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Excerpted From: M. C. Gibbons, Common Ground: Exploring Policy Approaches to Addressing Racial Disparities from the Left and the Right, 9 Journal of Health Care Law and Policy 48 (2006) (209 Footnotes) (Full Document)


Although the existence of racial and ethnic disparities is increasingly recognized, a complete understanding of the causes and MichaelGibbonssolutions to these problems remains elusive. Part One of this paper provides a historical overview of the origins of these disparities. Part Two outlines fundamental challenges to achieving a clear understanding of the problem and briefly discusses current policy strategies espoused by conservative and liberal proponents. Finally, Part Three provides an in-depth discussion of one promising approach with significant bipartisan support.>

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While a significant amount of evidence convincingly documents the existence of racial and ethnic disparities, broad consensus does not yet exist regarding the fundamental causes of these disparities or the best strategies to address the problem. Progress on this issue has been hampered by poorly defined terminology and imprecise dialogue. In addition, presuppositional differences regarding the relationship between the socio-environment, health behaviors, health care, and health status serve to confuse and influence the scientific questions being asked and the interpretation of findings. In the face of these challenges, the existence of racial and ethnic disparities, and in some cases the increasing magnitude of these disparities, is forcing debate and action on possible strategies and policy solutions.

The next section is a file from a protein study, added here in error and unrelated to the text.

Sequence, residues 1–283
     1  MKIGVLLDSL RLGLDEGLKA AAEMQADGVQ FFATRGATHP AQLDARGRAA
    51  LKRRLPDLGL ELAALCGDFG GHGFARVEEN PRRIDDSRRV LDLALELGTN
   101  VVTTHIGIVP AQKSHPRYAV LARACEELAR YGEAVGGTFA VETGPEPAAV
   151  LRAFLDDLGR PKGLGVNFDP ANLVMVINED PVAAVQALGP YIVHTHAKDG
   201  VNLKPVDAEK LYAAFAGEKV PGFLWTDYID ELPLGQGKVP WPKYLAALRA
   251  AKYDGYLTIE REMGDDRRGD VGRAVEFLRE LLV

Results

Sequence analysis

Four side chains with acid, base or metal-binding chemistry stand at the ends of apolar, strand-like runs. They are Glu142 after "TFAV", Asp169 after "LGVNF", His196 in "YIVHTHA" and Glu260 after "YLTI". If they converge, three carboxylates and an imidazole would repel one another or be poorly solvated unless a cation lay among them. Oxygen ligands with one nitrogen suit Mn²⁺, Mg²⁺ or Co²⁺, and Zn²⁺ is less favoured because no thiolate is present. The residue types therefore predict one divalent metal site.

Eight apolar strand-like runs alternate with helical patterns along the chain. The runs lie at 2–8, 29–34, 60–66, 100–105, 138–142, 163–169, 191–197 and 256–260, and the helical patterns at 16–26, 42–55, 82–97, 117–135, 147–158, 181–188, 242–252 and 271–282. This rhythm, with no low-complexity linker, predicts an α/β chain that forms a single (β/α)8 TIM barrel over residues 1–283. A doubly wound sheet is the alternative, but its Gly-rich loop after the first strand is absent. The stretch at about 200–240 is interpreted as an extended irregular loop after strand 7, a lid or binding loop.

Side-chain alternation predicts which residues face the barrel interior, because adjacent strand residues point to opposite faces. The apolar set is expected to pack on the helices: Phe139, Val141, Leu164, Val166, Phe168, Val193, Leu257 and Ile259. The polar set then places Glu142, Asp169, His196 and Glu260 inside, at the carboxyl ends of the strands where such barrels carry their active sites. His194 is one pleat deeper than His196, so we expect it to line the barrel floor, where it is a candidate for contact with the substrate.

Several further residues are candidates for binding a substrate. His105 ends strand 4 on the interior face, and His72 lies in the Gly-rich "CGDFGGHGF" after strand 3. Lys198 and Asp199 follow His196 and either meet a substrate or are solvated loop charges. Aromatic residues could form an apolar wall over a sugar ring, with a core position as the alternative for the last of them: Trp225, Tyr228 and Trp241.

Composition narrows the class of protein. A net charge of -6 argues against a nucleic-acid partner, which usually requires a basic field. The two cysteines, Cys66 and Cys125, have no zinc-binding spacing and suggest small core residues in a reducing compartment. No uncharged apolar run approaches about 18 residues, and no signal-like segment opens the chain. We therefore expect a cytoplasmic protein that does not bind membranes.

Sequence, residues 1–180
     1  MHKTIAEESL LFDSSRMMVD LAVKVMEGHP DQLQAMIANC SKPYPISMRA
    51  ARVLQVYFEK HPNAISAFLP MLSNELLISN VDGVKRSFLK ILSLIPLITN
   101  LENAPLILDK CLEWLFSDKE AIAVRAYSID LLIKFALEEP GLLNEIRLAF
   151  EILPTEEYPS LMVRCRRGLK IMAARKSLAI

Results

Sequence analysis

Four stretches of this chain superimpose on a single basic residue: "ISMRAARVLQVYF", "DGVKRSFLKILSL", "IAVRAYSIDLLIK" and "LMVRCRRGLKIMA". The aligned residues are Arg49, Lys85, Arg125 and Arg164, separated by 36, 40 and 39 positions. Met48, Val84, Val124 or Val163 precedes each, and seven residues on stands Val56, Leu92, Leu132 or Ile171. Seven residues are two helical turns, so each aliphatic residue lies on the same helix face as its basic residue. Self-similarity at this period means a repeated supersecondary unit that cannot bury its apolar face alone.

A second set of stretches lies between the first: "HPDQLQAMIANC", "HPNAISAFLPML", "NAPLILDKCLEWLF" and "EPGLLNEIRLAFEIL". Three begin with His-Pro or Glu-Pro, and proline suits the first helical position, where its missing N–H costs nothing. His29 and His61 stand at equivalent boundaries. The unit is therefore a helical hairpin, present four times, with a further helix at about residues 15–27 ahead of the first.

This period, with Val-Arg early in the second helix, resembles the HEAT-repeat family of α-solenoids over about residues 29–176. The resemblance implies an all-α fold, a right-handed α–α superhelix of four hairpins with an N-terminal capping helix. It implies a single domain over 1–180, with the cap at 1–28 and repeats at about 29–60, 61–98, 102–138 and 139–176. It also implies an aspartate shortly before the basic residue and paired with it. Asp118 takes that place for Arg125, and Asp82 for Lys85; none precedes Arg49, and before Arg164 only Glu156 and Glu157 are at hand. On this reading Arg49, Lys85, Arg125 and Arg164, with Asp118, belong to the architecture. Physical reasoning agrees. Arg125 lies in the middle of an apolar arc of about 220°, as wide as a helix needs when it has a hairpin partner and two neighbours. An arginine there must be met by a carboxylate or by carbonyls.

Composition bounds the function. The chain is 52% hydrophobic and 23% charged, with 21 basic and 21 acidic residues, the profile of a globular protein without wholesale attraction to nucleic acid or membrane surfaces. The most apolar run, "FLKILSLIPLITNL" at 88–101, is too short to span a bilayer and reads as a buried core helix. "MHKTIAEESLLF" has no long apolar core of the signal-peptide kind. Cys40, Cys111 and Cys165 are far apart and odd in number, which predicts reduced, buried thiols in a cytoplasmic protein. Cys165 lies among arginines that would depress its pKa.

One approach that continues to receive significant bipartisan support involves the identification, training, and utilization of individuals indigenous to minority populations as culturally appropriate bridges between minority communities and a fragmented health care system. Community Health Workers, as they are generically called, are also known by over thirty terms, including Patient Navigators, Lay Health Aids, Community Health Advisors, Dumas, and Promatoras. While the idea of the Community Health Worker is not new and its roots can be traced to several health care infrastructure building efforts of the developing world, its domestic origins have their roots in the War on Poverty. As health care costs continue to rise in the face of an increasingly diverse U.S. population, a resurgence of interest in the model has emerged. Scientific evidence suggests that the model can help improve access to health care, enhance communication between providers and patients, and improve health outcomes. In addition, preliminary evidence suggests significant potential cost savings for wider implementation of the model. Ongoing research is elucidating the best approaches for systematic training and integration of CHWs into the current health care system.

Associate Director, Johns Hopkins Urban Health Institute; Director, Center for Community HEALTH; Assistant Professor of Medicine and Public Health, Johns Hopkins Medical Institutions.

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